Tests: Highest Rating 897 (1954), Highest Ranking 1st (1948-1955). 72 matches at number 1
Unquestionably the world’s premier fast bowler in the years following the Second World War, he spent more than half of the next decade ranked as the number one Test bowler. He reached number one after his ninth Test and was still in the world’s top ten when he retired in 1960. He could also wield the willow to some effect, peaking at number 23 and he spent the vast majority of his career ranked second to team-mate Keith Miller in the all-rounder table.
Tests: Highest Rating 910 (1988), Highest Ranking 1st (1984-1991). 80 matches at number 1
ODIs: Highest Rating 891 (1985), Highest Ranking 1st (1987-1989). 58 matches at number 1
He was the spearhead of the all-conquering West Indian team of the late 1980s and even in an era of great fast bowlers, he still spent a great deal of time at the number one spot in both forms of the game. He was a dangerous lower-order batsman too and ended his career as the number 3 ranked Test all-rounder. He retired from Test cricket at the top of the world Rankings and his final wicket was fellow Hall-of-Famer Graham Gooch.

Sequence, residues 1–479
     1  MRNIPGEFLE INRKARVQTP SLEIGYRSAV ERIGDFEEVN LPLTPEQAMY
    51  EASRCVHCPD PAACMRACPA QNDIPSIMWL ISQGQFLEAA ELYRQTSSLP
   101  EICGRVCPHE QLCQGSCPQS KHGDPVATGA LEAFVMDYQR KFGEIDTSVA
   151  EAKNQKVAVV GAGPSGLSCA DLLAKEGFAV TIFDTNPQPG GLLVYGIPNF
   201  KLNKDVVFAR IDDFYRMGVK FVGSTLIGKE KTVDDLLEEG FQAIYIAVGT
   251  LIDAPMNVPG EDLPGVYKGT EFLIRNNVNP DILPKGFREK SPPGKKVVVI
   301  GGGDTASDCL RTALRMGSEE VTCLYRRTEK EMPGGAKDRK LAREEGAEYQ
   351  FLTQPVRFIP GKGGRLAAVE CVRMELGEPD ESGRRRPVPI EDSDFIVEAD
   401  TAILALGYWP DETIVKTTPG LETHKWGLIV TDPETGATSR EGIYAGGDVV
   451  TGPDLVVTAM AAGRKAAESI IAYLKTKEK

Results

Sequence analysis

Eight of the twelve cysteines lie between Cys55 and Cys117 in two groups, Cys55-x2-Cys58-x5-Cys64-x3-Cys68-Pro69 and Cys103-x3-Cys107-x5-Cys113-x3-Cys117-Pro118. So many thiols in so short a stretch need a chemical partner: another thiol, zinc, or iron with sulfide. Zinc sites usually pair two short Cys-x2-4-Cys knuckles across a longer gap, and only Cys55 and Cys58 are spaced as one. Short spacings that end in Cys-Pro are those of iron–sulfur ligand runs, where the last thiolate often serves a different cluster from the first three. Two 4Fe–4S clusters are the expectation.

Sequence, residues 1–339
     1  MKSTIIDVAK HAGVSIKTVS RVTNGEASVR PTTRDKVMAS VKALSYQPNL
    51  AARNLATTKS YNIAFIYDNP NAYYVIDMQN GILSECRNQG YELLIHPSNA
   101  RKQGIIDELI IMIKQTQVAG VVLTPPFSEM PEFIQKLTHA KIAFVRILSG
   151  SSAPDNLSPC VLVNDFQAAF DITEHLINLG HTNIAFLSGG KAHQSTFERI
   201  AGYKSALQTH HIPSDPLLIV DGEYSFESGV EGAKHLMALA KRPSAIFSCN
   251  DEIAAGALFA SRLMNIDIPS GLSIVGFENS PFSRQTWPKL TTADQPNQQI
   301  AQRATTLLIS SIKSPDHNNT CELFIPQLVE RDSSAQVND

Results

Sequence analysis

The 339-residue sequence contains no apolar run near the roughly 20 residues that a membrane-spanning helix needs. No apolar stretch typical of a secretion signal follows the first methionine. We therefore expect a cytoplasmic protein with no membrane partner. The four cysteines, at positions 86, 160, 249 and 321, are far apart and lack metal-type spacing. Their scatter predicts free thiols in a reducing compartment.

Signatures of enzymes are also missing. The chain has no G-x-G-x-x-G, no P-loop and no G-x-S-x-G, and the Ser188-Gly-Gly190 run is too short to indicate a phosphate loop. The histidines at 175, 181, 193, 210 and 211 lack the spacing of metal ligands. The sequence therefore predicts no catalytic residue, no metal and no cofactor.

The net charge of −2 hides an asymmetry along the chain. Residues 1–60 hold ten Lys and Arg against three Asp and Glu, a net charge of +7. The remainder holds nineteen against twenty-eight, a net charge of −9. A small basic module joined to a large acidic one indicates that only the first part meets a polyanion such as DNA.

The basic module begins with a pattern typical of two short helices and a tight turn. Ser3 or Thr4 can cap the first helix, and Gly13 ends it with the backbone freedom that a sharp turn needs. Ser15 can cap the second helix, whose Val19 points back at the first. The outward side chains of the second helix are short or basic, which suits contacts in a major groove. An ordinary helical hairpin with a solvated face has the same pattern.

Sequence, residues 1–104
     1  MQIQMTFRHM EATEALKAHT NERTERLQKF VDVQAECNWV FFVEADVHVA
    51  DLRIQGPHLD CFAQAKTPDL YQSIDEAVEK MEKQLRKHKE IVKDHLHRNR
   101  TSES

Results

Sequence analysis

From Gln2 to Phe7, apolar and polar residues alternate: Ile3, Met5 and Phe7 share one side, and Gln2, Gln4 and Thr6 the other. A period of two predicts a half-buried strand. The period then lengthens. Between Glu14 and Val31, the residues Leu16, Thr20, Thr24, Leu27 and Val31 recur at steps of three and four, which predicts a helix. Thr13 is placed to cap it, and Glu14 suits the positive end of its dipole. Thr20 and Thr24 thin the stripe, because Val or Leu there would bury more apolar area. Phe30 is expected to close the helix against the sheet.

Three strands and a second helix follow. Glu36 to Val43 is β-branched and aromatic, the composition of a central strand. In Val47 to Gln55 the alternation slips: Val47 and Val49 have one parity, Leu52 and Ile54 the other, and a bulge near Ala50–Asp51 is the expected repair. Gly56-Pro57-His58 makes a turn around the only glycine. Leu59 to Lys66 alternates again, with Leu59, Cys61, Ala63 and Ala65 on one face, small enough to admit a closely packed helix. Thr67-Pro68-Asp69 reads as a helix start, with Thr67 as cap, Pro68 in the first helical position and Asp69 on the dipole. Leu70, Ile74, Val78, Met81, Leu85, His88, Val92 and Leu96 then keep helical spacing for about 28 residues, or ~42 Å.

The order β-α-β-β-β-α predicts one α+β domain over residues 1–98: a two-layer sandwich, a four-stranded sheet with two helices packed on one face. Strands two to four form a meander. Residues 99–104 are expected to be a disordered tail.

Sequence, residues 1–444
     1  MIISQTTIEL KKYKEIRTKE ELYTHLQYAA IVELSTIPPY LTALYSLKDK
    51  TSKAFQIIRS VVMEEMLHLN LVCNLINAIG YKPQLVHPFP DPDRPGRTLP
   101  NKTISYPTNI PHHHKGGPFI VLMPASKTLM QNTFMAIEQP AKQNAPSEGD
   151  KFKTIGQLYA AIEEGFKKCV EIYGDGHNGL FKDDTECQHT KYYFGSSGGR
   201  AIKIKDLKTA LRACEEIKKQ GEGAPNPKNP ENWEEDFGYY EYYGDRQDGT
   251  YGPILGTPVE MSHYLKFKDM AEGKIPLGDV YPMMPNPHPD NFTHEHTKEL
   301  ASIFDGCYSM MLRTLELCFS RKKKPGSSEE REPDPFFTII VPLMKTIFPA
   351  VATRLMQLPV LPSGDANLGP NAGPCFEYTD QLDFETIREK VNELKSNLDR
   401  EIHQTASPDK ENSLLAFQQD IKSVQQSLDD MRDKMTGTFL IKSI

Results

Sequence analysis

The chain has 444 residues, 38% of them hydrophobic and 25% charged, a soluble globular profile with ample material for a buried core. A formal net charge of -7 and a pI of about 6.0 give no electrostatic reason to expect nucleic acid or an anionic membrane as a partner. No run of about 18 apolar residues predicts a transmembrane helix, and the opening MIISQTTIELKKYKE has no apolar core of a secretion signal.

Tests: Highest Rating 891 (1976), Highest Ranking 1st (1976-1977). 16 matches at number 1
ODIs: Highest Rating 848 (1983), Highest Ranking 1st (1979-1980). 14 matches at number 1
The first of the West Indian pace quartet to reach the top spot, it was the summer of 1976 which propelled him to his peak Rating after he took 28 wickets in England. He first reached top spot in One Day Internationals soon after helping the West Indies retain the World Cup in 1979, but arguably his most memorable performance in the shorter form of the game came with the bat as his unbeaten 24 helped overcome Pakistan by one wicket in the 1975 tournament.
Tests: Highest Rating 810 (1960), Highest Ranking 3rd (1955).
Despite ending his career with 252 Test wickets, he could be considered one of the finest bowlers never to reach the top spot in the Reliance Mobile ICC Player Rankings. Overshadowed by his colleagues Frank Tyson and then fellow Hall-of-Famer Fred Trueman for the vast majority of his Test career, he bowled tirelessly into the wind and was scarcely out of the World’s top ten for a decade. He gave away only 2.33 runs per over using the mantra “if they miss, I hit”.
Tests: Highest Rating 898 (1963), Highest Ranking 1st (1963-1964). 6 matches at number 1
He started with a bang when he helped to remove the first four Indians before a run had been scored in their second innings on his debut at Headingley in 1952. And despite only playing in 67 of the 120 Tests England played over the course of his Test career he still became the first man to reach the magical 300-wicket landmark. Surprisingly he was only top for a brief period in 1963 and 1964 towards the end of his career after he took 34 wickets against the West Indian tourists.